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Bread and bread

(article, Kim Carlson)

You’ve read enough, heard enough, talked to enough people about organics — you’re ready to convert. You’re thinking they're better for your body and better for the earth, and in a perfect world you’d choose to buy organic products all the time. But the reality is that, as life goes, you have to settle; in this case, it's your budget forcing you to make choices. 

How can you know which organic products are must-haves and which conventional products are acceptable?

Consumer Reports, the people we turn to for advice on buying washing machines and cars, have published a guide for buying organics. Essentially, the magazine follows the Environmental Working Group’s Dirty Dozen guide, which was released in 2006. 

Consumer Reports suggests spending your food dollars on organic versions of the foods that have the most pesticides. (Hint: The highest pesticide rates are in non-organic peaches, apples, and sweet bell peppers; the lowest are in onions, avocados, and frozen sweet corn.)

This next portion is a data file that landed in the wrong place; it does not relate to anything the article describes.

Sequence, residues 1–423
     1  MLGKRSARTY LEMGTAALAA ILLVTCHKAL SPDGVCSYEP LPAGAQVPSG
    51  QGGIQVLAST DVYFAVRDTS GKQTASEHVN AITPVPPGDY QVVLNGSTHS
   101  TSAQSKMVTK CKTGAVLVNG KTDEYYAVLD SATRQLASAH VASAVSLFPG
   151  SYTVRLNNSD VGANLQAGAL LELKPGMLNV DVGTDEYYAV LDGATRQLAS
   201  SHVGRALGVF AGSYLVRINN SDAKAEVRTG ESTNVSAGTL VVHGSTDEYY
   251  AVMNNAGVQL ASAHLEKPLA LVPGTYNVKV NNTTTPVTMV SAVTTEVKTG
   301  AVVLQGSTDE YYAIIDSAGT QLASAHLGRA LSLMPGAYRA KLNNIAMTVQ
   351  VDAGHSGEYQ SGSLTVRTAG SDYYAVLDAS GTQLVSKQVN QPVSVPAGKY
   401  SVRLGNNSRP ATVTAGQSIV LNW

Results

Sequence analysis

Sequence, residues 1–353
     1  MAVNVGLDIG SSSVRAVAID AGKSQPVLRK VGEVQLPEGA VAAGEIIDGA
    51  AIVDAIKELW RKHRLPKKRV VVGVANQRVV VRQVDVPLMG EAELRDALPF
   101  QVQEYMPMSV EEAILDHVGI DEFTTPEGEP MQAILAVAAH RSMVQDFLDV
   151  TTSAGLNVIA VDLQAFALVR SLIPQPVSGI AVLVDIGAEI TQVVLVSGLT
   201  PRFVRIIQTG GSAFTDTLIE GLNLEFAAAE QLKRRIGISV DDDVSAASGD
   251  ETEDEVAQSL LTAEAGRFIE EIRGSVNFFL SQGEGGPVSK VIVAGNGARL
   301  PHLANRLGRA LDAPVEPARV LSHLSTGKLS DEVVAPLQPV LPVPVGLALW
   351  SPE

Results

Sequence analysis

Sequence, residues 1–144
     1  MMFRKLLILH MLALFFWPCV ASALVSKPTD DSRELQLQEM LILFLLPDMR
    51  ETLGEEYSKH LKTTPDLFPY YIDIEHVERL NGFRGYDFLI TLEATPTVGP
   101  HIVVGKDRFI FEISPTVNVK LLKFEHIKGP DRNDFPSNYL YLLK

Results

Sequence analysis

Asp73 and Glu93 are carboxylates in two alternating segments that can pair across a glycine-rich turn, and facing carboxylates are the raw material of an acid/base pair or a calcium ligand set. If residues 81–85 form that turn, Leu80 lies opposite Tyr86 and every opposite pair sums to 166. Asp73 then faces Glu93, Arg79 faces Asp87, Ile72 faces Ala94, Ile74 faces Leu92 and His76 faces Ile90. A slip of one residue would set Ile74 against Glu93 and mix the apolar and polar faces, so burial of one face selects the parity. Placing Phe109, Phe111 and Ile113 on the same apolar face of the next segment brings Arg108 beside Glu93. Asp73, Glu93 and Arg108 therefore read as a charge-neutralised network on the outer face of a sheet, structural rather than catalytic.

Where else can you go for information on what to buy — and what to skip? A new column on the web magazine Grist,  “Ask a Brokeass,” promises to help you eat green (organic or local) on the cheap. The first column mentions canned beans, which aren’t as economical as dried beans, but which are even greener, and certainly more economical, than organic meat (or any meat, for that matter).

Finally, the blog Gluten-Free Girl (aka Shauna James) has a couple of recent posts titled "The Way We Eat," parts one and two, about judging what other people have in their shopping carts (that's the first post) and then how to eat well for less (many good ideas in the comments on the second post). 

A reader who left a comment on the first post made a big impression on James, saying that she’d like to eat better (organics, whole grains, and so forth), but simply cannot afford to. She's not alone, as this Seattle Post-Intelligencer article points out.